Q
Asked by Lord Freyberg
Asked on: 13 November 2018
Department of Health and Social Care
Lords
To ask Her Majesty's Government what progress they have made towards the Cancer Task Force’s recommendation for a national molecular pathology service; and when they anticipate to implement this fully in relation to adult cancer diagnosis and care.
Q
Asked by Lord Freyberg
Asked on: 29 October 2018
Department for Digital, Culture, Media and Sport
Public Sector: Information
Lords
To ask Her Majesty's Government, further to the Written Answer by Lord Ashton of Hyde on 29 October (HL10726), whether they will now answer the question originally put, namely, what independent body is responsible for advising on the Criteria for exceptions to marginal cost pricing, previously administered by The National Archives, to provide assurance to the re-user of public sector information (PSI) and to demonstrate that the public sector bodies are complying with PSI policy and are trading fairly.
A
Answered by: Lord Ashton of Hyde
Answered on: 12 November 2018

Up until 2015, the exceptions to marginal cost pricing process formed part of the apparatus for managing Crown copyright by The National Archives; it did not form part of the Re-use of Public Sector Information Regulations 2005. As such, it applied solely to a small proportion of Crown copyright material held by museums and galleries.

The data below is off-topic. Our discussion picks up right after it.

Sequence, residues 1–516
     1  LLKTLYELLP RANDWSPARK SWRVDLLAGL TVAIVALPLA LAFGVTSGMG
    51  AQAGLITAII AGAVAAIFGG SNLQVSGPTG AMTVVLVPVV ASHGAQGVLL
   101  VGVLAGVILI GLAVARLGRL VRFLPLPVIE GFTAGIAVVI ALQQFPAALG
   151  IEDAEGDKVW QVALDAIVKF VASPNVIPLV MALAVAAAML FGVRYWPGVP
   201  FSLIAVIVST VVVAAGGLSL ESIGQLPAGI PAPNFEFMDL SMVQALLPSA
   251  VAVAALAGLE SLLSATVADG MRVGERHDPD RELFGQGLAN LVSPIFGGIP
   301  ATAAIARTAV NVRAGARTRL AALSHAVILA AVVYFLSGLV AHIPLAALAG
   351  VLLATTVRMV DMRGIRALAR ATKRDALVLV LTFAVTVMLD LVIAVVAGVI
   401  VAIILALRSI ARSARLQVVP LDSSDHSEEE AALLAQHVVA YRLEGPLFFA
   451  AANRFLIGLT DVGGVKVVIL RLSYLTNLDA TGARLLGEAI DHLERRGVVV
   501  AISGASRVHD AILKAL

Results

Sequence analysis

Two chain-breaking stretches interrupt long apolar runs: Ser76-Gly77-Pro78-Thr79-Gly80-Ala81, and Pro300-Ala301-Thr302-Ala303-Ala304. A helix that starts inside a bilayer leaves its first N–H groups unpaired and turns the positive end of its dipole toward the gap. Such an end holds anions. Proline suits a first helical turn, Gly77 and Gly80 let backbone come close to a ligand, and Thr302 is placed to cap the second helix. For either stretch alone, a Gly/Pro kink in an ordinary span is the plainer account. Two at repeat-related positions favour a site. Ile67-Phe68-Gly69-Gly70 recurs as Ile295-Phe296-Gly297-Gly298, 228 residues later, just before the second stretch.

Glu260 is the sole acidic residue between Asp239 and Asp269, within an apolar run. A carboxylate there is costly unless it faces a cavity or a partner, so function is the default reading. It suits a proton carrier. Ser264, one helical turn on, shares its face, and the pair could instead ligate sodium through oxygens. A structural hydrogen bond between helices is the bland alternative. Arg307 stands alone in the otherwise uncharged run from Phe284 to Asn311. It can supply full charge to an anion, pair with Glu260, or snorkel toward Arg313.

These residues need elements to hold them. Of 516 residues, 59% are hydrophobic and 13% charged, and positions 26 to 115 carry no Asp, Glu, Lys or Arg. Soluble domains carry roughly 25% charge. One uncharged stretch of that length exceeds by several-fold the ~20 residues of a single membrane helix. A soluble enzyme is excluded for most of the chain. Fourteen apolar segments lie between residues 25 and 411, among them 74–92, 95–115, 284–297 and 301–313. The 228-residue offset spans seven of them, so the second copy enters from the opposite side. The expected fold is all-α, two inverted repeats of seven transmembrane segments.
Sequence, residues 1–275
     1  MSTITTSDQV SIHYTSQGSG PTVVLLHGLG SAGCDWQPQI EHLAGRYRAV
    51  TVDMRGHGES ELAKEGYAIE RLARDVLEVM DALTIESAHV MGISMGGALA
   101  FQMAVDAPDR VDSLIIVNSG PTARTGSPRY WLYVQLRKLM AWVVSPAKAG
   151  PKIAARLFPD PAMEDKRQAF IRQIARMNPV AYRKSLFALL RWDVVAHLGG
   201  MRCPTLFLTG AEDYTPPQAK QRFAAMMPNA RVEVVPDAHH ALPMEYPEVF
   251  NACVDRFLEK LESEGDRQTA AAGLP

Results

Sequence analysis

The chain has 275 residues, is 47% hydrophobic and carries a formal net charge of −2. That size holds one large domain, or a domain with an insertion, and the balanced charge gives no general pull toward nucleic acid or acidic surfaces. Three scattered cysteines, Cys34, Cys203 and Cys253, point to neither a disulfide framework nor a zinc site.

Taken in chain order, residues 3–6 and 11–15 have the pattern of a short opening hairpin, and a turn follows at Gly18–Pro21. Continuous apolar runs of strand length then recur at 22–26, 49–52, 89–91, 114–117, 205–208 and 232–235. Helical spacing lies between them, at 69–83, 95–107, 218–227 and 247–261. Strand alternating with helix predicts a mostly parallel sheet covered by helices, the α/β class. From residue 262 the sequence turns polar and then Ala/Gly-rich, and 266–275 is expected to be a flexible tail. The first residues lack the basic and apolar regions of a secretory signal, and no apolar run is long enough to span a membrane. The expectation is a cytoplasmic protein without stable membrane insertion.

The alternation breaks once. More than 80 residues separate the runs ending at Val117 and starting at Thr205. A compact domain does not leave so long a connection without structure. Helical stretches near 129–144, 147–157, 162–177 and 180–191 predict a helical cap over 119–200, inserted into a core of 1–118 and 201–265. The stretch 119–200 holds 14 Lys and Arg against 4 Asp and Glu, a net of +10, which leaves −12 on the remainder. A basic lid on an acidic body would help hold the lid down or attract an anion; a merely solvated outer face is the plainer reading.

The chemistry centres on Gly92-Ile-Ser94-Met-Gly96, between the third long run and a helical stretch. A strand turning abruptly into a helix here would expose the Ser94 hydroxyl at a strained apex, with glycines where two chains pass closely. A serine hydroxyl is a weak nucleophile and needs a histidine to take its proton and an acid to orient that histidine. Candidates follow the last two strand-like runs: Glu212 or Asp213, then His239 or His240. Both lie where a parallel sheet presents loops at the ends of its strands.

The Information Commissioner became responsible for complaints regarding the re-use of public sector information, under the Re-Use of Public Sector Information Regulations 2015. These Regulations necessitated a review of Crown copyright processes and the exceptions process was discontinued.

Complaints about charges for re-use by museums and galleries may be referred to the Information Commissioner for a binding decision.

Q
Asked by Lord Freyberg
Asked on: 29 October 2018
Department of Health and Social Care
Bradford Teaching Hospitals NHS Foundation Trust: GE Healthcare
Lords
To ask Her Majesty's Government, further to the Written Answer by Lord O’Shaughnessy on 29 October (HL10764), whether they will publish Bradford NHS Trust’s Data Protection Impact Assessment in respect of the collaboration between the Bradford NHS Trust and GE Healthcare Providers.
A
Answered by: Lord O'Shaughnessy
Answered on: 06 November 2018

Any decision around publication of the Data Protection Impact Assessment is a matter for the Trust.

Q
Asked by Lord Freyberg
Asked on: 29 October 2018
Department of Health and Social Care
Bradford Teaching Hospitals NHS Foundation Trust: GE Healthcare
Lords